By most accounts, the city recovered from the upheaval. A new city manager, Doug Schulze, brought mostly stability for 10 years until resigning in fall 2006.

Schulze, now the city manager at Normandy Park, said his tenure began smoothly but the last four or five years were difficult as council members stopped trying to reach consensus and got bogged down in bickering and hurt feelings.

“The disagreements and differences in opinions and philosophy, they weren’t left in council chambers,” Schulze said. “They carried over and became personal.”

His replacement, Mark Weinberg, was hired in March 2007 but resigned last month. He cited many of the same reasons, including conflicts with council members.

Weinberg’s chief complaint was that some council members gave far too much weight to activists Henry Paulman and Eric Hokanson, who have waged a yearlong effort to uncover and publicize what they say are Chen’s ethical lapses.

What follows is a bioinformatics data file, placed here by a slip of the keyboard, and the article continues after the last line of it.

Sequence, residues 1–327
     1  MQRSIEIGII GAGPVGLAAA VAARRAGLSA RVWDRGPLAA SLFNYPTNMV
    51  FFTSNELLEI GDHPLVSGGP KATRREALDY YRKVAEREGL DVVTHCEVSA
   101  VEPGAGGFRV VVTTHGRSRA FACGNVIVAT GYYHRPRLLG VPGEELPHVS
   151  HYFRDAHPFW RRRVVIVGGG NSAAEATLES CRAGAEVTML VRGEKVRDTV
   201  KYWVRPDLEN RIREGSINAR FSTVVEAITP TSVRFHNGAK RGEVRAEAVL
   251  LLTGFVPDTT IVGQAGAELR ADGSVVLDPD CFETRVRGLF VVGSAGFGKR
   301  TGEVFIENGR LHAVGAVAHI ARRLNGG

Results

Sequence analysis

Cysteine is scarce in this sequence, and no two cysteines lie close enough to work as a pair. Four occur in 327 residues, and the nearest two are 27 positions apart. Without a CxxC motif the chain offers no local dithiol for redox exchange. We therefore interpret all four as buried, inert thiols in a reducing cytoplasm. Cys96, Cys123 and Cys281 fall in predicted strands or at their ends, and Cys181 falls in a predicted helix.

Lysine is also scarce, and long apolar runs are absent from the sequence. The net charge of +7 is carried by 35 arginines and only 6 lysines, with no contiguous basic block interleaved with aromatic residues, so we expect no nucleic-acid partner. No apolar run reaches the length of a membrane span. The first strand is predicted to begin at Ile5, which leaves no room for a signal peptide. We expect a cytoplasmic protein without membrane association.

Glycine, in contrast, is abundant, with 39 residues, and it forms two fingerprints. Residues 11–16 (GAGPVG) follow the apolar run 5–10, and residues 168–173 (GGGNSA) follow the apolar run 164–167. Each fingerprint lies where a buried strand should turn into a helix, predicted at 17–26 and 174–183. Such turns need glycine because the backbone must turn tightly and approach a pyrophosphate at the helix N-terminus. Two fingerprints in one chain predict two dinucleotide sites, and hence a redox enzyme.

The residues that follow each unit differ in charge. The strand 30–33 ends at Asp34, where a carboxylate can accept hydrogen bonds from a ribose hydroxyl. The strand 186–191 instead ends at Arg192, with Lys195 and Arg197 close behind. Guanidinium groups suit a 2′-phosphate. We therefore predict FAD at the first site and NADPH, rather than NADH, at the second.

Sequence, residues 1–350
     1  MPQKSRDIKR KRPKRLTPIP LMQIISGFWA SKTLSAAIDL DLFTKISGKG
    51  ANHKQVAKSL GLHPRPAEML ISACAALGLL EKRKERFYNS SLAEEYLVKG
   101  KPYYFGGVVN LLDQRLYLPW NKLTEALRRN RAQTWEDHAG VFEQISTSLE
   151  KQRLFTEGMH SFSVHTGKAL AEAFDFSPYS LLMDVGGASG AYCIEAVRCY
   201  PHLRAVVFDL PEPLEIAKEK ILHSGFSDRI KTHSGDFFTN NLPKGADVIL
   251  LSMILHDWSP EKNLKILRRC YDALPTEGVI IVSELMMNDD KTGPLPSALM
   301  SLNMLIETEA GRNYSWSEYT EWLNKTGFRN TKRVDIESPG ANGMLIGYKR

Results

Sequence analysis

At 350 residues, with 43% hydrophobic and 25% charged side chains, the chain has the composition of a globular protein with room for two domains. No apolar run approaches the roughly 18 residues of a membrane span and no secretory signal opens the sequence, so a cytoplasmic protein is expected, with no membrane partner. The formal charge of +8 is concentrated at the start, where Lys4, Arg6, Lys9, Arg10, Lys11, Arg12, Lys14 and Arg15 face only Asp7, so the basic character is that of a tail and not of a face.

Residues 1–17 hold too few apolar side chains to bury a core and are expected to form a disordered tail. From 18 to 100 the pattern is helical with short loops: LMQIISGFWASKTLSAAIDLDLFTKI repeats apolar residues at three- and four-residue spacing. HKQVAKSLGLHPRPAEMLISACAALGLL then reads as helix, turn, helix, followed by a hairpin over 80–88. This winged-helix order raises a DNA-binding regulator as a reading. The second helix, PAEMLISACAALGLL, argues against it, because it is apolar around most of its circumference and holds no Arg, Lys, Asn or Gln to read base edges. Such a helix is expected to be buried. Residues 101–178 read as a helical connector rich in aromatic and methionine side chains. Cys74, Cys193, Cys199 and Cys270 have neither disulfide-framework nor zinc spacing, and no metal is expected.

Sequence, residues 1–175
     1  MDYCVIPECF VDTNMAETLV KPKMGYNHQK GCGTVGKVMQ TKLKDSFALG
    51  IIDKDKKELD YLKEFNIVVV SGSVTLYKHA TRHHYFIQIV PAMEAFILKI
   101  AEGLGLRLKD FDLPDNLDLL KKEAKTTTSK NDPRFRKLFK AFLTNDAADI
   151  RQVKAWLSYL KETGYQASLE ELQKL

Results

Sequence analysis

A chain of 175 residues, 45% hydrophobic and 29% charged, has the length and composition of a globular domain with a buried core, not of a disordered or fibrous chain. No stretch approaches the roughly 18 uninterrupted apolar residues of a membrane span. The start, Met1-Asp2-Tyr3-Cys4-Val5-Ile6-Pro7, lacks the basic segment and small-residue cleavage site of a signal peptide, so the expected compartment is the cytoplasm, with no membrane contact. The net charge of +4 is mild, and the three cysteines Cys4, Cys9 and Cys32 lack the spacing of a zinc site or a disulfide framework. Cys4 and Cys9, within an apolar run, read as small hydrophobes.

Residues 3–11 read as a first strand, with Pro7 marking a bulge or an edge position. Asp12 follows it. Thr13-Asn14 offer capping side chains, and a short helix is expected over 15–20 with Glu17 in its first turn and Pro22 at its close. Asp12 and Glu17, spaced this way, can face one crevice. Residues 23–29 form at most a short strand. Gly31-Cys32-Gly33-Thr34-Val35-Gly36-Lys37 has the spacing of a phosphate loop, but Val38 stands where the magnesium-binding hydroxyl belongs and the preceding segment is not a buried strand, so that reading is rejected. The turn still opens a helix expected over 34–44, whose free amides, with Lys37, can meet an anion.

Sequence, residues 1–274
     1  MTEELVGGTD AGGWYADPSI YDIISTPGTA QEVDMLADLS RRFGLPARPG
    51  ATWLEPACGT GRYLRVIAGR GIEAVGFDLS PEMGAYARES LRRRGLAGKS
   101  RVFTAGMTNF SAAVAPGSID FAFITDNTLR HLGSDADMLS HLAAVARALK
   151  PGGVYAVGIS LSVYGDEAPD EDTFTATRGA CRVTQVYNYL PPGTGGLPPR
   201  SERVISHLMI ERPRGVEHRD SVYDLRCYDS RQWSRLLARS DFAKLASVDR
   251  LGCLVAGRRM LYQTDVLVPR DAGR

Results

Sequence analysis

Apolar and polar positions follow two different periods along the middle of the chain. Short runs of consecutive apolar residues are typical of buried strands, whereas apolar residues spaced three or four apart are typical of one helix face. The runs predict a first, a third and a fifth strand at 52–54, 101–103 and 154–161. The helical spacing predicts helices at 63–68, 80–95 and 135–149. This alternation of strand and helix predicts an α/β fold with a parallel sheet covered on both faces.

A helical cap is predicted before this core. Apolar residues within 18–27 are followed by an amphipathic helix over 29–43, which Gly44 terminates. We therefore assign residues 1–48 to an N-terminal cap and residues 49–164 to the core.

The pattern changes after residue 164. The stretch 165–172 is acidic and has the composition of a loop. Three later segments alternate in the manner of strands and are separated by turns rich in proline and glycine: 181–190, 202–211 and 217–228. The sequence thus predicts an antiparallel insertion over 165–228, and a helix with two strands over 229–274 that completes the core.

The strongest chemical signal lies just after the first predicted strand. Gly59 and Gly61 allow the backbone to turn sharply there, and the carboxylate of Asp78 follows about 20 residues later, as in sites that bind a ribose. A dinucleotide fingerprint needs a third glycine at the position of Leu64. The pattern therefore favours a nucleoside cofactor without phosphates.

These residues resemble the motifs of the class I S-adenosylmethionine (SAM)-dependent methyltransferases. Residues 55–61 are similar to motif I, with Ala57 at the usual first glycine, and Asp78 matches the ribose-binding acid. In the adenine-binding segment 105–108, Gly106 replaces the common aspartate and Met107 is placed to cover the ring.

Paulman is a retired electronics salesman who has played a key role in several of Medina’s most contentious issues, including a proposal in 2006 to opt out of the King County Library System. Hokanson works at the Chevron gas station in Medina and has several complaints against police, including that officers no longer get gas for their patrol cars at his station.

The city has been inundated with more than 600 public-records requests since early last year, mostly from Hokanson, and to a lesser extent, Paulman, officials said. The requests have taken so much staff time that the council considered spending $50,000 to hire a part-time clerk to handle the paperwork.